London: A “frustrated” Boris Johnson has chastised fellow world leaders for shirking a key pledge to tackle climate change, warning history will judge them if they fail to step up.

The British Prime Minister, who hopes to make a breakthrough at November’s Glasgow climate summit a landmark achievement of his prime ministership, used a United Nations address to blast rich countries for not giving developing nations $100 billion a year to combat global warming.

Johnson said he was angry at the failure to meet the Paris Agreement promise because it was central to limiting the damaging impacts of climate change.

“Over the past year we’ve come together many times to discuss climate change,” he said. “So you know by now how this conversation goes.

“I talk about the need to rid the world of coal-fired power and internal combustion engines, the need to stop deforestation, and for developed nations to find that $100 billion.

“And everyone nods and we all agree that something must be done. Yet I confess I’m increasingly frustrated that the ‘something’ to which many of you have committed is nowhere near enough.

“And while progress is being made all over the world, the gulf between what has been promised, what is actually being delivered, and what needs to happen… it remains vast.”

British Prime Minister Boris Johnson speaks in New York on Monday.Credit:AP

While he didn’t name names, Johnson said too many major economies were “lagging too far behind” and likened the current policy approach to picking low-hanging fruit from a tree.

The $US100 billion ($137 billion) pledge was made at the 2015 Paris climate conference. The Australian government contributed $US200 million to the so-called Green Climate Fund before Prime Minister Scott Morrison announced in 2018 that he would no longer contribute.

The government instead spent or promised more than $US1 billion in direct funding for projects in the Pacific and Indo-Pacific.

When the summit ends, when most of the world has committed to decisive, game-changing action, it will be clear to all which of us has lacked the courage to step up.

Experts have claimed Australia’s bilateral spending is not enough to help meet its share of the overall $US100 billion pledge. Johnson’s focus on meeting the funding target opens the door to Morrison lifting the government’s financial commitment at the COP26 climate summit in November.

US President Joe Biden is also expected to boost his contribution in the coming days.

Johnson has promised £11.6 billion between 2021 and 2026, most of which will come from the existing aid budget.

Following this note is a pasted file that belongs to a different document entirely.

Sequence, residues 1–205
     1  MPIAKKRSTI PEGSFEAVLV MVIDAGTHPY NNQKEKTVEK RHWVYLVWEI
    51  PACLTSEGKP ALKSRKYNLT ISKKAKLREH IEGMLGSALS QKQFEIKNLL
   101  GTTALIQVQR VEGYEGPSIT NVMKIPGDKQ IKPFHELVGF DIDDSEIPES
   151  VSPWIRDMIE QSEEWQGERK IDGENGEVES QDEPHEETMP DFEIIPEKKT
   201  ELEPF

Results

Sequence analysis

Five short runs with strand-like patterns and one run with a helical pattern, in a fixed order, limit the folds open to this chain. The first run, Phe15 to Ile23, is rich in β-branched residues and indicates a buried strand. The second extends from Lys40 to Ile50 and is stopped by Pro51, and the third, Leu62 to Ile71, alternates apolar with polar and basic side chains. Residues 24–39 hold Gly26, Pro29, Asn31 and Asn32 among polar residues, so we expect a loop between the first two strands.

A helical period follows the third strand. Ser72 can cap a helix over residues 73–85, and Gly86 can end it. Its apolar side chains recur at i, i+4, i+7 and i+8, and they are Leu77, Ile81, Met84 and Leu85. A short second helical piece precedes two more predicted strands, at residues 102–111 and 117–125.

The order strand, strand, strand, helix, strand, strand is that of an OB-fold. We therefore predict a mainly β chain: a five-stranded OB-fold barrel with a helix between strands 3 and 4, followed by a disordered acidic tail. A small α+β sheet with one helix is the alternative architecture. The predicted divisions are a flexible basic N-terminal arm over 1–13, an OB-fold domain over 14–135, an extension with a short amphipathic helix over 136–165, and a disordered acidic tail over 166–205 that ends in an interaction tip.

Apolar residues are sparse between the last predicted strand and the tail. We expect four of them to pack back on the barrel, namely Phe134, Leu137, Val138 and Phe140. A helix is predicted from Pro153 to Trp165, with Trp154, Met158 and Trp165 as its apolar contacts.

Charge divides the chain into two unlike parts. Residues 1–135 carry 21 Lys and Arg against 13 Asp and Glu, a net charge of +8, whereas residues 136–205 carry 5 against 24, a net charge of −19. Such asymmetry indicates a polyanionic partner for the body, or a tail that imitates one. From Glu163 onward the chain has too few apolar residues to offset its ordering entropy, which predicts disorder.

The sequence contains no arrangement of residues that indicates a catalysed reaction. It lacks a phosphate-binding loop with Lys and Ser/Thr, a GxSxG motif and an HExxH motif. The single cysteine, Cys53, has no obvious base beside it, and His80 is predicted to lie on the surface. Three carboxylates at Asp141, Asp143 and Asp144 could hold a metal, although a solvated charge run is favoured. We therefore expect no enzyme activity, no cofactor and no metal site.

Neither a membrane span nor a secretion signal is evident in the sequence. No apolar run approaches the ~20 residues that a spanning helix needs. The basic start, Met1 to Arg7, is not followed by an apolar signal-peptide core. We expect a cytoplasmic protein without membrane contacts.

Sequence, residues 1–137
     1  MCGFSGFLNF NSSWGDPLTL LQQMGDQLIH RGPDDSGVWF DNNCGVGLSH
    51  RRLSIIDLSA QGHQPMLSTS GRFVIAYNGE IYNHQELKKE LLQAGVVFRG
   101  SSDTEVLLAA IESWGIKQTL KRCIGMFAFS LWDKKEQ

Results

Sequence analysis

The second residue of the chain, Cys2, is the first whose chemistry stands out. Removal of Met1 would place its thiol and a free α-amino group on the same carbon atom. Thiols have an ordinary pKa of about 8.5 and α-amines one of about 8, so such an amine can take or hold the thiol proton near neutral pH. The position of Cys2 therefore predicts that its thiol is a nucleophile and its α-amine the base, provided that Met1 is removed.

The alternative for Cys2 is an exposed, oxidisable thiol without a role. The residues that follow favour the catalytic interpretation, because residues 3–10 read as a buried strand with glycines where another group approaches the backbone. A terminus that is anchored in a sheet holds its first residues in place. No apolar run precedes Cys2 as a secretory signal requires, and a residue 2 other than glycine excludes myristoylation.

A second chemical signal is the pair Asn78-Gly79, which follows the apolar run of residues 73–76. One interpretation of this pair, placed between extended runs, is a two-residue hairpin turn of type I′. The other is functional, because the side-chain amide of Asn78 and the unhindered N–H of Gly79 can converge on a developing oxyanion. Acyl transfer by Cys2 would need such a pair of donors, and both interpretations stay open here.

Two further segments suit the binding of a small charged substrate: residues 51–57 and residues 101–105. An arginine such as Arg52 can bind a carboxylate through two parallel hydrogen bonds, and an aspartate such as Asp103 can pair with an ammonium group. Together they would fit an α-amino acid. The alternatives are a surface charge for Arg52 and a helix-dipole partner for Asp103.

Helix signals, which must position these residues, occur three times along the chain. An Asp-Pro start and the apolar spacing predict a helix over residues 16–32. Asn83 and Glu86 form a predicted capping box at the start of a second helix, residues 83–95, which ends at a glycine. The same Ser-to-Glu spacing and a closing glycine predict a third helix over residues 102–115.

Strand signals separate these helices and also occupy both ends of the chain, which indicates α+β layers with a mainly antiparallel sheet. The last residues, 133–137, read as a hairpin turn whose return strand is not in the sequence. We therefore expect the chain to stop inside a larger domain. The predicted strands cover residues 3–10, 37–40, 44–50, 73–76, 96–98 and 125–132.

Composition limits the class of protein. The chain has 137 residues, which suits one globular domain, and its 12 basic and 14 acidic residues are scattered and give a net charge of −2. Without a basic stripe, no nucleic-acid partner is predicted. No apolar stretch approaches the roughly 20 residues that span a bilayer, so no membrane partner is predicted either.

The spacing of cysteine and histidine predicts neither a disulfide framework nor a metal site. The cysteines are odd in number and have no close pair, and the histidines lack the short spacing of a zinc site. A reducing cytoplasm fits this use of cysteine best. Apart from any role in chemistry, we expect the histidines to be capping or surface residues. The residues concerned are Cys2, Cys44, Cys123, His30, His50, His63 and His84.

A new OECD analysis shows climate finance provided and mobilised by developed countries for developing countries totalled $US79.6 billion in 2019 – up only 2 per cent from 2018 and well short of the $US100 billion target.

The 2 per cent increase only happened thanks to funding boosts from multilateral institutions. By contrast, bilateral public climate finance commitments dropped, as did climate finance contributed from private sources.

OECD secretary-general Mathias Cormann described the result as “disappointing” and said more had to be done. Cormann was the Australian finance minister when the Morrison government decided to withdraw from the Green Climate Fund in 2018.

Johnson told leaders at Monday’s UN roundtable that acting on climate change would put them on the right side of public opinion “at home and on the international stage”.

“It’s a diplomacy issue, a security issue, a trade issue,” he said. “And in the years to come, the only great powers will be green powers.

“If you abdicate responsibility today, do you think those who pay the price for that decision will rally to your side tomorrow?

“Will they work with you, borrow from you, stand with you if you tell the world that you don’t care whether their land and their people slip below the waves? These countries need allies. They need help now, that’s why I stress the $US100 billion so much.”

Johnson plans to use a week in the United States to rally more support ahead of the Glasgow summit which begins in just 41 days.

“COP26 will be staged in the full glare of the global spotlight,” he said.

“And when the summit ends, when most of the world has committed to decisive, game-changing action, it will be clear to all which of us has lacked the courage to step up.

“The world will see, and your people will remember, and history will judge.”

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